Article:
Little egret is now a frequent enough visitor to barely raise an eyebrow amongst  the regular birders at Pennington Flash, but great white is still a very rare bird locally. Todays great white was only the fourth ever at the site and was a Flash tick for me. Chances are, they will become more frequent in future years as they are now a common enough sight on local estuaries. For example, in 2017 I photographed a group of 10 great white egrets together on the Dee Estuary.

Friday, 5 October 2018

Back garden sparrowhawk kill


A bit of drama in the garden this week, a sparrowhawk eating a freshly killed woodpigeon. It looks like an adult female sparrowhawk to me, I can't see any hint of brown in its plumage to make it a juvenile. Also it looked pretty big and I'm not sure that a male is big enough or powerful enough to take down a woodpigeon.

Sparrowhawk kills can be a bit gruesome, whilst they will take and eat quite large prey such as woodpigeons and lapwings, they are often not powerful enough to kill them outright like a peregrine would, and it's not unusual to see a sparrowhawk eating prey which is still alive. Don't be too quick to judge them though, they have to eat and this what they have evolved to do. If we're worried about song bird populations being effected by sparrowhawks, then lets first remove cats from the environment and then stop destroying song bird habitat. Talking of cats, Polly and Ted just sat and watched while this was going on and didn't try to approach. Very wise!

Sunday, 23 September 2018

American Golden Plover Marshside

This moulting adult American golden plover was on Crossens Inner Marsh at Marshside today. Amazingly it's my first adult, all of the others I have seen have been juveniles, so nice to get a plumage tick. I'm amazed at how well this photo has turned out, the bird was about 150m away, it was slightly against the light, the wind was around force 6 and the photo was taken by hand holding my phone up to my telescope! No adapters were involved in the taking of this photo!

Friday, 21 September 2018

Warwickshire phalarope influx


It's that time of year again when grey phalaropes start turning up all around our coasts, but I didn't expect to see my first of the year in deepest inland Warwickshire, and I was even more surprised to see my second the following day in the same county! The first few photos here are of the second bird a juvenile which showed very well at Charlecote, a National Trust property near Stratford-Upon-Avon, whilst the final three photos are of the first, a bird at Napton Reservoir near Southam.

Wednesday, 19 September 2018

Pallid Harrier and Semi P on the Fylde


A couple of cracking birds on the Fylde this week, and this juvenile pallid harrier in particular is a stunner. Yes I saw the Dunsop Bridge bird as well, and as stunning as that bird undoubtedly was, a displaying adult male pallid harrier no less, it wasn't as beautiful as this juvenile.The photo just doesn't do it justice, the unstreaked body and coverts were bright gingery / orange in colour, contrasting with the dark boa and pale collar, with pied primaries and tail, making this one of those rare occasions when the juvenile is a more beautiful bird than the adults.  We waited for two hours in force 6 winds which made it really uncomfortable, but the bird eventually flew and was seemingly unaffected by the wind as it hunted for several minutes across the field right in front of us,  a simply breathtaking bird.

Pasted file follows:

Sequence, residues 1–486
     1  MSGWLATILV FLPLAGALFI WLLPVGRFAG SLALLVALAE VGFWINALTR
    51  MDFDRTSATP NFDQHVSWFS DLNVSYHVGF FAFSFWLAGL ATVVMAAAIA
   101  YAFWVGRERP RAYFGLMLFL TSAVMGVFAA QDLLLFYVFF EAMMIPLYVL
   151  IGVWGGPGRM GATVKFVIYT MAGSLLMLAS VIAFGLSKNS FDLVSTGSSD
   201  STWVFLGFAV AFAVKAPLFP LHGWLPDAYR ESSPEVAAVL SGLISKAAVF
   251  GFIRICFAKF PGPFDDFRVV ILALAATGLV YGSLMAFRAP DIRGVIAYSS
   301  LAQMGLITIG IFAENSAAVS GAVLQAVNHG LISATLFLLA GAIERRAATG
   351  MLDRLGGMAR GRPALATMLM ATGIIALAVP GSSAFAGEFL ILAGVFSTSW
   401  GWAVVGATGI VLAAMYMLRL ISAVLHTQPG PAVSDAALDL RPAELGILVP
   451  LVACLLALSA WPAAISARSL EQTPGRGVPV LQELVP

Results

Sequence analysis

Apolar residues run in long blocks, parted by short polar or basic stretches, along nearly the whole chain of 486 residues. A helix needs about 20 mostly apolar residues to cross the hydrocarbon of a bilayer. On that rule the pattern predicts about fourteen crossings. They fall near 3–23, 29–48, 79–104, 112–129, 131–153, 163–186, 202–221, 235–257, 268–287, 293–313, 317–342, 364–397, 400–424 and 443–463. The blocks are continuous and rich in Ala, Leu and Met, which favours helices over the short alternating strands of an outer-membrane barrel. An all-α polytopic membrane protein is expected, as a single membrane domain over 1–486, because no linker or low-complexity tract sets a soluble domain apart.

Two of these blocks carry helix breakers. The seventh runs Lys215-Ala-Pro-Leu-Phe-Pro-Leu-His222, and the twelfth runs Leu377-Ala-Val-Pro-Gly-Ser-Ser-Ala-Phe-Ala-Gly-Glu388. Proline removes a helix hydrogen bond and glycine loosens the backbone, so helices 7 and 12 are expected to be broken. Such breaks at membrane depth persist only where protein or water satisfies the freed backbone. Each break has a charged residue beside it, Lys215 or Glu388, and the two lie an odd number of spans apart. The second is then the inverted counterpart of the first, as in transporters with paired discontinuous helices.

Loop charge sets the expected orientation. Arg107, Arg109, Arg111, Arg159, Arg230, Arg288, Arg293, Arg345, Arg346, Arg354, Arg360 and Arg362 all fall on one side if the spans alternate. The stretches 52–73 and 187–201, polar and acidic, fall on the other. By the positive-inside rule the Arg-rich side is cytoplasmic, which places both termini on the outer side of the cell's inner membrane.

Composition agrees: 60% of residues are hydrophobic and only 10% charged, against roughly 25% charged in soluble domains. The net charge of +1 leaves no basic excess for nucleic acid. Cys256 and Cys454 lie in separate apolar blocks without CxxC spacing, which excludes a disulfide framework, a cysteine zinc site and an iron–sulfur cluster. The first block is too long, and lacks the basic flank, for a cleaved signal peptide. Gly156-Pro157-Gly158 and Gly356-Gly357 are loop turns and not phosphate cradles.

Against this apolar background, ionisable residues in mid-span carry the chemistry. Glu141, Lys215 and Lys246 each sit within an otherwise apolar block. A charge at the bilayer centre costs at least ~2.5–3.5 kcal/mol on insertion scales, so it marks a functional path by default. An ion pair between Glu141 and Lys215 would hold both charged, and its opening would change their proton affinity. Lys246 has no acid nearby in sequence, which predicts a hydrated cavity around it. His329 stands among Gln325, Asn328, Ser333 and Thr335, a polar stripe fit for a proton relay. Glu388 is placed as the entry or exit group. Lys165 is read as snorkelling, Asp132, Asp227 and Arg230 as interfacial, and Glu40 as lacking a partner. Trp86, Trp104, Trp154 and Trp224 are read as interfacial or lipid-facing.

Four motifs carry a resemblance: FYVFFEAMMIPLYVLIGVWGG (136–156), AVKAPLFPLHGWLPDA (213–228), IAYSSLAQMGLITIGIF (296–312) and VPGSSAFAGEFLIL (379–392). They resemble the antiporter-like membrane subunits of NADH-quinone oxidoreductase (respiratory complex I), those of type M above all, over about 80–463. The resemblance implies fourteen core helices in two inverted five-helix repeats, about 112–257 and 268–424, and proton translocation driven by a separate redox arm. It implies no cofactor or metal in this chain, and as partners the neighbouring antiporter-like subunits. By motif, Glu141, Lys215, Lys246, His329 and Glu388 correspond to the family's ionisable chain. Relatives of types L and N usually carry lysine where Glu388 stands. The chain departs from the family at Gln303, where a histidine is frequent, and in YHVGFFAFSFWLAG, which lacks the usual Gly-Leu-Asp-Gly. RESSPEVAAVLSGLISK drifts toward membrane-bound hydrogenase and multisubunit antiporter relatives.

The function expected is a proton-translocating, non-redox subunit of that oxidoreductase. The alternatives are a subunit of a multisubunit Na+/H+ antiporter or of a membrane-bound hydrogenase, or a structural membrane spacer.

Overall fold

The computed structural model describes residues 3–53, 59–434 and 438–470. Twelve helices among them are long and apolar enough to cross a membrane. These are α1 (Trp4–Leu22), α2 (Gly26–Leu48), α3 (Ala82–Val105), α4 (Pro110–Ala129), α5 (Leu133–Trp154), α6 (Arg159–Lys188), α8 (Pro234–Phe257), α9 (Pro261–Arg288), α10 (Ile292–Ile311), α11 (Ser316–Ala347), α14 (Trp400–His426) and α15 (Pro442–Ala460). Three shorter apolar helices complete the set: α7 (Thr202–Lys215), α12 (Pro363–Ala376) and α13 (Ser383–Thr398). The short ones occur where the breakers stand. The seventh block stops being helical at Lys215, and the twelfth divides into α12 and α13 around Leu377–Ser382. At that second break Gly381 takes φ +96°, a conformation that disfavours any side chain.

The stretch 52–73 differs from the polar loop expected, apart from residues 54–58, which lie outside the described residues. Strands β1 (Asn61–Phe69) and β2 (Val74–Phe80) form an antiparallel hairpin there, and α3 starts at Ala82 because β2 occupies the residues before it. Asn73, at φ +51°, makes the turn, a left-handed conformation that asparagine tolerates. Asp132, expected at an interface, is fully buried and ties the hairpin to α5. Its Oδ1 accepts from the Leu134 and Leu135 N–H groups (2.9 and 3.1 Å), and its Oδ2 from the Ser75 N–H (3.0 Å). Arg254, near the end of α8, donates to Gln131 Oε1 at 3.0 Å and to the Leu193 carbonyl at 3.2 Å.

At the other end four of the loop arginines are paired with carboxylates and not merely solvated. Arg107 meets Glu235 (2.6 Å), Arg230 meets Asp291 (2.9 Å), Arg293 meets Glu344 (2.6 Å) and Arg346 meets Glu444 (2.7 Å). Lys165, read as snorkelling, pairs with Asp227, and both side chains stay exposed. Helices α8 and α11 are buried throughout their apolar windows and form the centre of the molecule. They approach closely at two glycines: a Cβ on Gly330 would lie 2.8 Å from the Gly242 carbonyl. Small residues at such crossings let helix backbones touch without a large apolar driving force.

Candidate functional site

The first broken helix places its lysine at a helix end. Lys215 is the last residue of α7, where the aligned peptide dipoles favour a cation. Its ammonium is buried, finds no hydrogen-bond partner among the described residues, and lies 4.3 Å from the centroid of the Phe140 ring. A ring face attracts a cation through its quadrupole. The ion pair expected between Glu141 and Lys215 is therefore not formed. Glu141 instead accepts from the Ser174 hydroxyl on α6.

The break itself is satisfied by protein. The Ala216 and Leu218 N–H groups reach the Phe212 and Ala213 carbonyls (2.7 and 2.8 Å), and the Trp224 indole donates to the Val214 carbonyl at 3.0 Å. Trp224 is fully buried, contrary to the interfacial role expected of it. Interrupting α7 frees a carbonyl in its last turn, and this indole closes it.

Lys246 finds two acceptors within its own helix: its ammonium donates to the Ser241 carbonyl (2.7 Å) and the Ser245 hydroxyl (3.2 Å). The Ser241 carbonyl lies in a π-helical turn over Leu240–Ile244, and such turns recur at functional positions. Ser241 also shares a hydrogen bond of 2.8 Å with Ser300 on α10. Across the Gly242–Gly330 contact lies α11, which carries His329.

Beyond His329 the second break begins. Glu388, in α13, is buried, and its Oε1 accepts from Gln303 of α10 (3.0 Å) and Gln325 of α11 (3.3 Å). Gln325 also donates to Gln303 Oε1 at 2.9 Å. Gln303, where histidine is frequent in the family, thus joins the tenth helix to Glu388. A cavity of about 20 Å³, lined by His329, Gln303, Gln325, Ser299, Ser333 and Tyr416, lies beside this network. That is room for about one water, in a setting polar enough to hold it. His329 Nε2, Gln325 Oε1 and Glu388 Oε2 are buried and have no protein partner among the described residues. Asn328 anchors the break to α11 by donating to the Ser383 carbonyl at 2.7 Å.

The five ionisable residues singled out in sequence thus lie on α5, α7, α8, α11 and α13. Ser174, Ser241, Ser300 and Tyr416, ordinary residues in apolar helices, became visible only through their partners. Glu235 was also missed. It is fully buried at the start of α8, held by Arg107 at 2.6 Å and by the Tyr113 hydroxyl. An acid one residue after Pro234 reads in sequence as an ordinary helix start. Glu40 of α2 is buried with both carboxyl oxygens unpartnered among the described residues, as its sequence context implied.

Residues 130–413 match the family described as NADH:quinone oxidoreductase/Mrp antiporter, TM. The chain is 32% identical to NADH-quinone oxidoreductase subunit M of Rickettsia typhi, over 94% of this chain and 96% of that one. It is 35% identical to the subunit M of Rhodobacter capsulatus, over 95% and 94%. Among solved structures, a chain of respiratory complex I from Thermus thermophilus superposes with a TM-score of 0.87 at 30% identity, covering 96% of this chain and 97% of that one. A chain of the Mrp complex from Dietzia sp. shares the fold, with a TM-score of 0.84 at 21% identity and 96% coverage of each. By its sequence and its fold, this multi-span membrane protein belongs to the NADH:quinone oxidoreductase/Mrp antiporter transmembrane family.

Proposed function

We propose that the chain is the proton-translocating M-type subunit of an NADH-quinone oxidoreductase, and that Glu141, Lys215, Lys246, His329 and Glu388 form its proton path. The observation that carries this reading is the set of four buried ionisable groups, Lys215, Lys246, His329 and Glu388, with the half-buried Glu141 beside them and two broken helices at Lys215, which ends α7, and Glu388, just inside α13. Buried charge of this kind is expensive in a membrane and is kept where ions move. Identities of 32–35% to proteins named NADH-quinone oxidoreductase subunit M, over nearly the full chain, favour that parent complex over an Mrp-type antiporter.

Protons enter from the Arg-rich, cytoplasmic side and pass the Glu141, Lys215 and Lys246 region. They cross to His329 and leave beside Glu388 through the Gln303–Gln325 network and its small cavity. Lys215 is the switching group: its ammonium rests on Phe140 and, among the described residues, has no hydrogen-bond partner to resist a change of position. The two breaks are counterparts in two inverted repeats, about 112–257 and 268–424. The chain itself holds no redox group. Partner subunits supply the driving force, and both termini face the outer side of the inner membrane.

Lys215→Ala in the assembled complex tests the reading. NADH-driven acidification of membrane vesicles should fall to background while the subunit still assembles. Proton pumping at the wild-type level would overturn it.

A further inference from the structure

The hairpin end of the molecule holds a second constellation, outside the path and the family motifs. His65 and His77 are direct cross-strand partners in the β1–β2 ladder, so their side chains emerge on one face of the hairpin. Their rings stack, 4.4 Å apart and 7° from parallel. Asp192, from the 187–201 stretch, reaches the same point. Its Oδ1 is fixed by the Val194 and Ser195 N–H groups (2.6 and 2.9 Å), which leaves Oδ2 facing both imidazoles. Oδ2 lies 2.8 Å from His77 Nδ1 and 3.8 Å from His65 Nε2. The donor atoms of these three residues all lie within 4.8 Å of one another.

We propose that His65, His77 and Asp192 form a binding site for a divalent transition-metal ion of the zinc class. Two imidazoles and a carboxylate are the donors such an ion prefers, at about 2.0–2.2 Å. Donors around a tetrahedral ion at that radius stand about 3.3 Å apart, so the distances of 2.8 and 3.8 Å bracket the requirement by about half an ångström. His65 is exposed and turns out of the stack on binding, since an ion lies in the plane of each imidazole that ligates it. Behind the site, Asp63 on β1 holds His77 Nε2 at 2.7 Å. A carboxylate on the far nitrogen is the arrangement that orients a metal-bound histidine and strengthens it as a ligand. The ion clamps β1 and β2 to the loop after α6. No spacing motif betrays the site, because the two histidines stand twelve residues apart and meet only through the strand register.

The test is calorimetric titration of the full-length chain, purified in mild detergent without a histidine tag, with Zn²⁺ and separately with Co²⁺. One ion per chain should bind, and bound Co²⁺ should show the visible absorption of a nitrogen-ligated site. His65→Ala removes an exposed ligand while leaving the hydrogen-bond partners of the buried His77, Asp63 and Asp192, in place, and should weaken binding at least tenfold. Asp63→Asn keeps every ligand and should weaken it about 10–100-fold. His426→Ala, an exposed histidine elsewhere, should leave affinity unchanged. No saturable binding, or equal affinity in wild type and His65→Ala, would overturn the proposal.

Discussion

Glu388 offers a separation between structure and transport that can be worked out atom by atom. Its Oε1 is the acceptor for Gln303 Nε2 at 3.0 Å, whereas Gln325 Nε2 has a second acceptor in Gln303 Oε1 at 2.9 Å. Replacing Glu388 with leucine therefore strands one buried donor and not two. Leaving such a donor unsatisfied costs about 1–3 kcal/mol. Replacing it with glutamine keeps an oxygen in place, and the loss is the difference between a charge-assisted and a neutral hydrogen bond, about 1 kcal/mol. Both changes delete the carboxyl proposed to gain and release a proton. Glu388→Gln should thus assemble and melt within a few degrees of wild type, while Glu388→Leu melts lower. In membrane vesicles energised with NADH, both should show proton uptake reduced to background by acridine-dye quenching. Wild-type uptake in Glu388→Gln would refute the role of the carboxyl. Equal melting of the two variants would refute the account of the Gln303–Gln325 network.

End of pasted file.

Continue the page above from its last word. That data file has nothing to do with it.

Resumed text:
Thursday, 6 September 2018

Marsh warbler conundrum


This Acrocephalus warbler was at Tide Mills in Sussex on 6th September 2018. It's a marsh warbler, but opinion is split, with some considering it a reed warbler. It's superficially a difficult identification, especially for birders too concerned with "warm brown hues" at the expense of all other features, and in this blog post I'll explain why.

It's a marsh warbler for many reasons, but not least because it called several times while I was watching it. On all occasions it's call was a hard tongue clicking note, similar to Blyth's reed warbler, which is sometimes described as a sound similar knocking two pebbles together. Reed warbler does not give these clear cut, hard single notes. At no point did it utter anything like a reed warbler call. Unfortunately this is obviously something which you can't judge from the photos and you need to take my word for it. If you're in the reed warbler camp you'll probably just ignore this vital piece of evidence, however you really shouldn't.....

In 2015 a very useful article was published in Scottish Birds on the identification of 1st winter marsh warbler, and it is this which I have largely referred to throughout this blog post.

Scottish Birds (2015). Marsh Warbler in first-winter plumage - SBRC identification criteria, M.S. Chapman. Available: https://www.the-soc.org.uk/files/docs/bird-recording/sbrc/Marsh-Warbler.pdf. Last accessed 09/09/2018.

Wednesday, 29 August 2018

A few late August highlights from Pennington Flash